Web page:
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SMART Goals and How to Use Them

You may have heard the term ‘SMART goal’ before; it’s a mnemonic acronym normally used in marketing, but it can be used to your advantage when applied to other things, as well. When you have clearly defined objectives and a realistic approach to a project, it’s much easier to achieve it.

Let’s break down what SMART means:

What the SMART Acronym Stands For

Specific – specify your goal, the what, where and when. This helps narrow things down. What needs to be accomplished, who is responsible, and what are the steps you will need to take to achieve said goal?

  • Example: I want to finish my essay by the end of the week, while I have some time off.

Measurable – attach metrics to help measure your successes and work towards your final goal, this is the planning element.

  • Example: I need 1,500 more words to complete my essay. I need to break down my time into bite-sized chunks that will work around my word count.

Achievable – break down your goal and think about how you will achieve said goal. Ask if you can reasonably achieve what you have set out to do – is it realistic for your skillset and timeframe?

  • Example: If I can manage a minimum of 300 words each evening this week, I’ll have enough words by Friday. I need to put aside x hours this week in order to manage this goal, I work best an hour at a time and once I get things started, it’s likely I’ll go above my word minimum.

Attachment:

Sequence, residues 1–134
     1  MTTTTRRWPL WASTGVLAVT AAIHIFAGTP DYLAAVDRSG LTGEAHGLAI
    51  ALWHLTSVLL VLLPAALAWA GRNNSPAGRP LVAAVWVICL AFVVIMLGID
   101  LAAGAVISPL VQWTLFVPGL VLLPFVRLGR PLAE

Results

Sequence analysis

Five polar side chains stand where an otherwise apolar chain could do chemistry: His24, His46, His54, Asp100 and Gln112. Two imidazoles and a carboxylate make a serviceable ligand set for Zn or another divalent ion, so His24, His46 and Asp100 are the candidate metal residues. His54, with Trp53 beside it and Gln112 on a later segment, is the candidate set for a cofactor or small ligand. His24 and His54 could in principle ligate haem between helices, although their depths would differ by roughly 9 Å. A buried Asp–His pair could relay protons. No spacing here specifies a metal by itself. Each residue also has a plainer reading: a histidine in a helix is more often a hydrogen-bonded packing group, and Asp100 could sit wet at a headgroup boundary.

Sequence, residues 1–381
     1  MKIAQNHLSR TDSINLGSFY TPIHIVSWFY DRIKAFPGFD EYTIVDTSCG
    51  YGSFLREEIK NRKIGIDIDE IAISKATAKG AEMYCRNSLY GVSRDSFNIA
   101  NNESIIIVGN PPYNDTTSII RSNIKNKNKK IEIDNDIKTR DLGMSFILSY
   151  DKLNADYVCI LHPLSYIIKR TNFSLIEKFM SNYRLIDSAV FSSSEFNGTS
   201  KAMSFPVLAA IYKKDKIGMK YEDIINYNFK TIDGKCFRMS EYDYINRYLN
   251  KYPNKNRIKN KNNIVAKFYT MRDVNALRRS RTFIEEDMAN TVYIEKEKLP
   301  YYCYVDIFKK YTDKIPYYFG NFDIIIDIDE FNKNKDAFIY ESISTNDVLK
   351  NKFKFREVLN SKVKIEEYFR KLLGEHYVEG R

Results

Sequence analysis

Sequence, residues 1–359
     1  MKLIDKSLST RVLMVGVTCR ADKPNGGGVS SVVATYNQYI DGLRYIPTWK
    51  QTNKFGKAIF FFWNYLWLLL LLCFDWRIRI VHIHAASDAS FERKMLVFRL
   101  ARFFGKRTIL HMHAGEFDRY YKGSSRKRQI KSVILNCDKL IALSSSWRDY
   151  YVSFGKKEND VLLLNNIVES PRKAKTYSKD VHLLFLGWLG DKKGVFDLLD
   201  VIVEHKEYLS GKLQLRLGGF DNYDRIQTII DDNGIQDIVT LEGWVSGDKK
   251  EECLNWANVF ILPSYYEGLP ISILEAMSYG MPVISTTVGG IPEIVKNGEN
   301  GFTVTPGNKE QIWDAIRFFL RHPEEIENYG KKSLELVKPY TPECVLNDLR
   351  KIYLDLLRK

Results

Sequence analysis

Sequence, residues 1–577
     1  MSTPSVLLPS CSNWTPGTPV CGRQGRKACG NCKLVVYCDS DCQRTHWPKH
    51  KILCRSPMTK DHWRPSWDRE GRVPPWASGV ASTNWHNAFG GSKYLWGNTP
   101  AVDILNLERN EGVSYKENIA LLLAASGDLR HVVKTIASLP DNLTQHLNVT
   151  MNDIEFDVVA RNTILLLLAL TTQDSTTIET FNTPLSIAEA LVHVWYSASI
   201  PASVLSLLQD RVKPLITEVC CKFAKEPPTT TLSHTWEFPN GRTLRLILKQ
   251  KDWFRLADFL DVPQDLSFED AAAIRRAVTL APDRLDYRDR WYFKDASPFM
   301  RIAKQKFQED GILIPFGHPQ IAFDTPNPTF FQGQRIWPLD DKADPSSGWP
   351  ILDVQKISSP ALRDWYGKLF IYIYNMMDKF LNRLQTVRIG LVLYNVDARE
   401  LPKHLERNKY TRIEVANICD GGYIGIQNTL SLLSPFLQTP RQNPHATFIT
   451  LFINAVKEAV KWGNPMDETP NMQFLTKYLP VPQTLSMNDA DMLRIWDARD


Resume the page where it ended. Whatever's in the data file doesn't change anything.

Relevant – ask the question, does this goal align with what you need to be doing, does it keep you on track? Really think about the why element.

  • Example: I need to finish this assignment in order to complete my course. These steps will help me reach my goal.

Time-bound – set a deadline target that helps you make smaller steps toward your final goal over time. Remember to keep it achievable and don’t strive too high.

  • Example: The first draft for my essay needs to be done by Friday, so I can edit it and submit on Saturday.

Remember that setting a deadline does not have to be last minute – it can help trick our brains into getting these tasks done faster!

Why are SMART goals so important?

When you use these characteristics against your goal, you’re increasing the odds for success – with accountability! You’re saying you can do ‘X’ and measure it in ‘X’ ways by ‘X’ time. The initial goal ‘I need to finish my assignment’ is vague and at times overwhelming – breaking it down into reasonable, measurable pieces will help it appear much more manageable.

How SMART goals help:

  • By setting clear intentions.
  • Provide you with a framework for success, especially if you’re setting benchmarks.
  • Gives you sensible objectives (achievable and realistic goals).
  • Focus on the important work – and cut out any unnecessary work that may distract from the goal.
  • Set a clear start and end, which adds to accountability.

It can take time to grow used to the idea of SMART goals, but in the long run it’s a useful asset for success. Try the SMART approach for yourself, and see what results you achieve!

If you need help setting SMART goals, perhaps you should get in touch with PASS@UNE.

PASS@UNE is an academic assistance program facilitated by students, which targets traditionally difficult units. If you want to chat with the team you can contact them here.